A film school and high-tech studio is under construction in Raton, New Mexico. The new Kearny Film Studio and Education Center is slated to open next year in a historic brick school building. It will house workshops and classrooms for wardrobe design, make-up, carpentry and other film industry jobs, as well as production offices and editing suites.
Ann Theis of El Raton Mediaworks, the nonprofit organization behind the project, said her prospective students will receive training throughout the filmmaking process and learn skills that are applicable to life and careers.
“Whether or not they ultimately decide to be a filmmaker,” she said, “they (will) have practiced how to communicate, how to tell their story, how to organize things, and how to get things done.”
The nonprofit group also aims to make the facility home to the region’s first extended reality, or XR, stage. It’s a cutting-edge technology in the film and gaming industry that uses giant LED walls to create virtual reality settings and scenes.
The images on the LED walls on an XR stage adjust in conjunction with the movement of the characters, Theis says, “so when the cameras are shooting, the background moves accordingly. So it looks like real life — the way the background changes as people move through space.”
Theis said the XR studio they hope to build would be 50 feet wide by 25 feet tall, with a total area of about 7,400 square feet, with motion-tracking sensors throughout. It would be constructed in a new building on the existing Kearney school campus.
Raton native Vaughn Vialpando, who runs El Raton Mediaworks, said they want to boost the economy and create jobs in a community that was once dependent on coal mining. When the mines closed, “a lot of businesses went away, a lot of people left, and our population continued to shrink,” he said. “We have no options for our residents. We want to change that and break out with this form.”
According to Vialpando, students are trained in a variety of trades, from costuming and cinematography to storytelling and budgeting. He said they aim to bring film projects to the area and give young people a reason to stay.
“The amount of money that’s poured into the[New Mexico]economy for movies is amazing, so we can capitalize on that,” he said.
According to Theis, New Mexico has generous incentives for the film industry, far more so than Colorado.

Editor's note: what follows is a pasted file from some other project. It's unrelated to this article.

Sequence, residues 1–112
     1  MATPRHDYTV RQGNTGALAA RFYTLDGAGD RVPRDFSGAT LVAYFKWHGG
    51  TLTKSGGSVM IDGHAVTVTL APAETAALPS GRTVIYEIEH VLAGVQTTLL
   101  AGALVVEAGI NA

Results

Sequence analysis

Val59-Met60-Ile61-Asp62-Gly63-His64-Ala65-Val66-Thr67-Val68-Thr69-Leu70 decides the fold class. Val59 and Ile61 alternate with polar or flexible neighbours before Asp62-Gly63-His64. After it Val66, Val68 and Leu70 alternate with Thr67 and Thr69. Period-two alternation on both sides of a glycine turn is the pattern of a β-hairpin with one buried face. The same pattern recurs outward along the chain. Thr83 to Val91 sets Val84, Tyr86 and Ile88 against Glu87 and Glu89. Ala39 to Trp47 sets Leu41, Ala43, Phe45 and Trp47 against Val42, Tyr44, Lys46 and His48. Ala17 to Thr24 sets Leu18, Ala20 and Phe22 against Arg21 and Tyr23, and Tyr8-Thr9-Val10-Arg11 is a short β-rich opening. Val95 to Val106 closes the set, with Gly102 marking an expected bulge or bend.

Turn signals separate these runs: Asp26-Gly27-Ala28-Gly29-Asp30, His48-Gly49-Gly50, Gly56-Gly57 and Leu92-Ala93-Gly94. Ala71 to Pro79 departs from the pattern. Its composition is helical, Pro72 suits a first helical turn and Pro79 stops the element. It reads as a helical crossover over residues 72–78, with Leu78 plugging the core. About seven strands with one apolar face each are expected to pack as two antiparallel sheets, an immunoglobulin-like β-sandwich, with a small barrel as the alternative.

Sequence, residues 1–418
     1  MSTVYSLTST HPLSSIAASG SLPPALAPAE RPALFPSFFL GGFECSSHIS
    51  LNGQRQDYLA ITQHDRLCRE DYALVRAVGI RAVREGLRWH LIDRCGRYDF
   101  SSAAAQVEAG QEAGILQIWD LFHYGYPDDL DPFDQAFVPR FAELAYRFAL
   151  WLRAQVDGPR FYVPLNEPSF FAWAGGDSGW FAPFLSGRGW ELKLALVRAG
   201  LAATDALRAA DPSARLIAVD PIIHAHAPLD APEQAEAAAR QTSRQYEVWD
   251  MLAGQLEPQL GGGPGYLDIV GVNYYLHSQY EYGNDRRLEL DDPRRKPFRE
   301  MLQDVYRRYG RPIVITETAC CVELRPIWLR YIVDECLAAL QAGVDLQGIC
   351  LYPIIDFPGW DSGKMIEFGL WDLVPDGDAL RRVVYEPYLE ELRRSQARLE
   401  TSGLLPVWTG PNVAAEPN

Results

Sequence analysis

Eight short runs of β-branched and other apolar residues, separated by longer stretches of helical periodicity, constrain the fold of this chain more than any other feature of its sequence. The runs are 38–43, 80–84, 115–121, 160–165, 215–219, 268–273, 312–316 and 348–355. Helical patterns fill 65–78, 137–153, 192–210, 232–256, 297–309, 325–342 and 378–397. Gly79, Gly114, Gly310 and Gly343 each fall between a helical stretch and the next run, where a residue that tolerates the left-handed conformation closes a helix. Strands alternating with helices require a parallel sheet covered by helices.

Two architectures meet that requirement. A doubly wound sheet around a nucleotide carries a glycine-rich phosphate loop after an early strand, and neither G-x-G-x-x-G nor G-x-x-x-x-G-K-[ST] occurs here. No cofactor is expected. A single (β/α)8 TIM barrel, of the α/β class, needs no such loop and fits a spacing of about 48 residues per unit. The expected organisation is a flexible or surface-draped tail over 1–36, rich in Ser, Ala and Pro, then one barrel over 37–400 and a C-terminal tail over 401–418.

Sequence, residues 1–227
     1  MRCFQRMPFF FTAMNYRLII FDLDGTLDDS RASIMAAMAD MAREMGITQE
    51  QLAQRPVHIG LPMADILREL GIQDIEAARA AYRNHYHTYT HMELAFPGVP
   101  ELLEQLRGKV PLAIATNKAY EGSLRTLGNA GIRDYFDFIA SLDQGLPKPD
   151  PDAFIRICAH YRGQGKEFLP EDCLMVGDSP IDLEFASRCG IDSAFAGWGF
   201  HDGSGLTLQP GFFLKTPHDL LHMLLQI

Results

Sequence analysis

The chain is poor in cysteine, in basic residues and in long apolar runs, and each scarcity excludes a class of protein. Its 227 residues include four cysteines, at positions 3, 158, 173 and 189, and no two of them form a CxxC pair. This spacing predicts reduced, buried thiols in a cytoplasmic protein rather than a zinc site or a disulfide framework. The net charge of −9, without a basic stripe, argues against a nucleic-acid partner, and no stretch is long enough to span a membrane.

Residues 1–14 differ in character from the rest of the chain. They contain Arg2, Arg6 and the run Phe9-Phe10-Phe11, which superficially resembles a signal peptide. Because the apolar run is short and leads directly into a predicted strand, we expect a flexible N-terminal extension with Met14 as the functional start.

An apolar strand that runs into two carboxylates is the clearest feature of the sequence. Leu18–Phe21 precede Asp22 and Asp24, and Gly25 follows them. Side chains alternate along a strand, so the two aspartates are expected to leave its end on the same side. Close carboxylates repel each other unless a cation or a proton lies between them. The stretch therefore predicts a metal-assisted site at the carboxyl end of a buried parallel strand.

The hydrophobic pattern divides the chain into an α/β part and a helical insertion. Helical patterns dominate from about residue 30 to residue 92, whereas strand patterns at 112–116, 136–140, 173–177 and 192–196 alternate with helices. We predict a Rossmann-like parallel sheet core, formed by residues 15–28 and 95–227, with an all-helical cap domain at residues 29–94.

Vialpando also pointed out that Raton is off Interstate 25 and centrally located between Denver and Albuquerque, so it can be attractive to people from both metro areas.
“It’ll get its own momentum,” he said. “This is just going to keep building and building and building. The sky is the limit.”
According to Theis, El Raton Mediaworks is working on partnerships with several colleges and universities in New Mexico, as well as Trinidad State College in southern Colorado.
“Our goal is to work with accredited institutions to offer a variety of educational opportunities,” she said.
Raton Mayor Neil Segotta said he expects other ancillary businesses, such as hotels and restaurants, to benefit from the project and grow. “I think it has the potential to be a pretty good part of our future,” he said. “We didn’t really envision ourselves as the movie capital of northeastern New Mexico, but by God, if we want to be, we’re going to do it right.”
The state of New Mexico has pledged $1.1 million to the project, and additional funding sources are on the way. El Raton Mediaworks’ Jose Lopez said the entire project, including the XR phase, will cost around $14 million.
“Word gets around,” Lopez said. “I see people from LA with experience[who]want to go somewhere that isn’t that expensive and still be able to continue using their skills. You can come to Raton.”
The state estimates that more than $850 million in direct spending came from the film and television industry last fiscal year, of which $50 million went to rural communities.